His unexpected encounter with impresario Norman Granz proved to be a watershed moment in his career. Granz was blown away by Peterson’s music after hearing a live broadcast of his performance. Granz and Peterson would eventually create a strong professional and personal bond.

On September 18, 1949, he was launched at Granz’s Jazz at the Philharmonic (JATP) event at Carnegie Hall. Peterson opted to join JATP as a full-time member in 1950 after his performance wowed the audience.

With Ray Brown on bass and Barney Kessel on guitar, he formed a trio. Over the next few years, he toured all over the world with JATP and his group.

In the early 1960s, he started the ‘Advanced School of Contemporary Music,’ a jazz school in Toronto. Students from all around the world came to learn music from the maestro at his school, which grew in popularity. However, due to his busy traveling schedule, he closed the school after a few years.

He had been composing since he was a child, and as he grew older, he began to dedicate more time to it. Peterson wrote the song “Hymn To Freedom,” which was a crusade hymn for the Civil Rights Movement led by Dr. Martin Luther King.

He wrote songs for the National Film Board of Canada and composed music for a number of films, including ‘Big North’ and ‘The Silent Partner.’
He frequently performed as a solo pianist in the 1970s and appeared at numerous European jazz festivals. Several of the gigs he played in 1975 and 1977 were taped.

In the 1980s, he created a popular combo with Herbie Hancock. He performed and recorded with his protégé Benny Green throughout the 1990s. Despite his advanced age and health issues, he continued to perform and record well into the 2000s.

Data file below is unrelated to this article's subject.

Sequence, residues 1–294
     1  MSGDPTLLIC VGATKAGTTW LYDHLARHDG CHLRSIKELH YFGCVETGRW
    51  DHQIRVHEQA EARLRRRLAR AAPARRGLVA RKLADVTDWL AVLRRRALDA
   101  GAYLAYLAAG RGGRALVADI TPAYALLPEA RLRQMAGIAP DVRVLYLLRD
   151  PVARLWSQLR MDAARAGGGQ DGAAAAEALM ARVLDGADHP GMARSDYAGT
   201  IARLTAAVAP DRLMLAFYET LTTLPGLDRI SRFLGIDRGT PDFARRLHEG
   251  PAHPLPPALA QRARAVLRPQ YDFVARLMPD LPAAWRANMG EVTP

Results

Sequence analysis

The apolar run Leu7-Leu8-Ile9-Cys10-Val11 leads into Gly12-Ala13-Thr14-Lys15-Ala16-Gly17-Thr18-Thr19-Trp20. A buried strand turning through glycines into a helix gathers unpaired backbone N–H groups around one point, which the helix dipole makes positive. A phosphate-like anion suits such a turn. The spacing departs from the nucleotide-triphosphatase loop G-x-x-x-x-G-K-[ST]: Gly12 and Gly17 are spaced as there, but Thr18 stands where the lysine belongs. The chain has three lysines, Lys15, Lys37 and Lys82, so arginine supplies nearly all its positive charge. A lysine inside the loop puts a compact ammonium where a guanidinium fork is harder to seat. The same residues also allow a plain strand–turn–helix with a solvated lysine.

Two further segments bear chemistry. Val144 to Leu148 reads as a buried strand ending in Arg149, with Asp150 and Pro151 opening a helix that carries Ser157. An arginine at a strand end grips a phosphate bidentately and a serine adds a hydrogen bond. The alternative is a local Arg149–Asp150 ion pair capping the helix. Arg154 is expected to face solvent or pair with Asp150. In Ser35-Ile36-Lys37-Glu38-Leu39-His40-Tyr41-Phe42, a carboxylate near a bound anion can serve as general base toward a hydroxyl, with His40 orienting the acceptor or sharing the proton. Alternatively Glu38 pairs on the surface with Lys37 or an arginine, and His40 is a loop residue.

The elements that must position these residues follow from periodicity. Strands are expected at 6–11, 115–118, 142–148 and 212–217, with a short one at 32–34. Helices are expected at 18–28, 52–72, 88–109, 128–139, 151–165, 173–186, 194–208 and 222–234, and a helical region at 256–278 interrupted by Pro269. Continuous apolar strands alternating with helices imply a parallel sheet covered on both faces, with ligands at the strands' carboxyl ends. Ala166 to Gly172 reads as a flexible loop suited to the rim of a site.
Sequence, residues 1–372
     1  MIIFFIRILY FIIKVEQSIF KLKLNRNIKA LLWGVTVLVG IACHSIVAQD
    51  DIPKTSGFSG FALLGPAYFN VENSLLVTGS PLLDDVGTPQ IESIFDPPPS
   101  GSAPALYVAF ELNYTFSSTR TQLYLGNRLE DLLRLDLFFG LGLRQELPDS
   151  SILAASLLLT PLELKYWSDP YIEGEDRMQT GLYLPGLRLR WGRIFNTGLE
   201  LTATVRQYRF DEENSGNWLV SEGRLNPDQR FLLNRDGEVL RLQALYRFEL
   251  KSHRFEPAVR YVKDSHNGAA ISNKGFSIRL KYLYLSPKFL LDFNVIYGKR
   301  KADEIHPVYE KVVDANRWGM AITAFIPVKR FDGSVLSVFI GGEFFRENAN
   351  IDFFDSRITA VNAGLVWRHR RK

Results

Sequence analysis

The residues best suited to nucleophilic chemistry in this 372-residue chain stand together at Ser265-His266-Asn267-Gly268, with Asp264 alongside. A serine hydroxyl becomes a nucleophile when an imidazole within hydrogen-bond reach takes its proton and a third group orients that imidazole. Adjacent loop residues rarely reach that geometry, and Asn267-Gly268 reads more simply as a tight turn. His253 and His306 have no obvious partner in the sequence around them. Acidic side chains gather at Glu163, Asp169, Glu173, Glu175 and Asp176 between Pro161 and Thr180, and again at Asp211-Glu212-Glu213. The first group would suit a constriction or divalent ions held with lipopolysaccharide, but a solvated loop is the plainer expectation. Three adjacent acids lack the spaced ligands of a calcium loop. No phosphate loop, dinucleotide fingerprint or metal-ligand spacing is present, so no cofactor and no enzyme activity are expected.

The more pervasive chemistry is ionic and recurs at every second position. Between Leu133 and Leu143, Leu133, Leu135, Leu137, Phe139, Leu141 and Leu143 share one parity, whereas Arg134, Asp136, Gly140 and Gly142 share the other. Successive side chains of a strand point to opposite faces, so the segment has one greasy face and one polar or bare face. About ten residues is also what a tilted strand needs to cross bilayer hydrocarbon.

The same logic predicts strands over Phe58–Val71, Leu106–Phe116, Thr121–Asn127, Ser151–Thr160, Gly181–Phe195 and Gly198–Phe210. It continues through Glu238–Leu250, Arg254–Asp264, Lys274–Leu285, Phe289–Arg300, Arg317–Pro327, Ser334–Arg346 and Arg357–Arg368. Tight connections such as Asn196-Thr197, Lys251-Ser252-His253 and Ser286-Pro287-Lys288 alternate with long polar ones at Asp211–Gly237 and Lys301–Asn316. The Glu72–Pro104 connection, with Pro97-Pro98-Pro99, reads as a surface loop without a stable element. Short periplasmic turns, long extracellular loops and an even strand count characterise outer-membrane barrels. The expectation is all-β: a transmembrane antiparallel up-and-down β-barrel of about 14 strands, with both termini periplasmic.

His Major Projects

Oscar Peterson, known as the “Maharaja of the Keyboard,” was one of the greatest jazz pianists of all time. In a six-decade career, he performed thousands of live events around the world and recorded over 200 recordings.

Achievements and Awards

For his ability and dedication, he was named an Officer of the Order of Canada in 1972, and in 1984, he was upgraded to Companion of the Order, the highest level of merit and humanity.

In 1986, Black Theatre Workshop presented him with the first Dr. Martin Luther King, Jr. Achievement Award.
Over the years, he has received eight Grammy Awards, including the Grammy Lifetime Achievement Award in 1997 for his great artistic contributions to the realm of recording.

Personal History and Legacy

He had multiple marriages. His first three marriages ended in divorce: Charlotte Huber, Sandra King, and Lillian Fraser. Kelly Peterson was his fourth wife, to whom he remained married until his death.

He married seven times and had seven children.
Toward the end of his life, his health began to deteriorate. In December 2007, he died of renal failure.

Estimated Net worth

Oscar is one of the wealthiest pianists and one of the most popular. Oscar Peterson’s net worth is estimated to be $1.5 million, according to Wikipedia, Forbes, and Business Insider.


In 1992, an award-winning documentary film titled “In the Key of Oscar” was produced on the life of this great guitarist.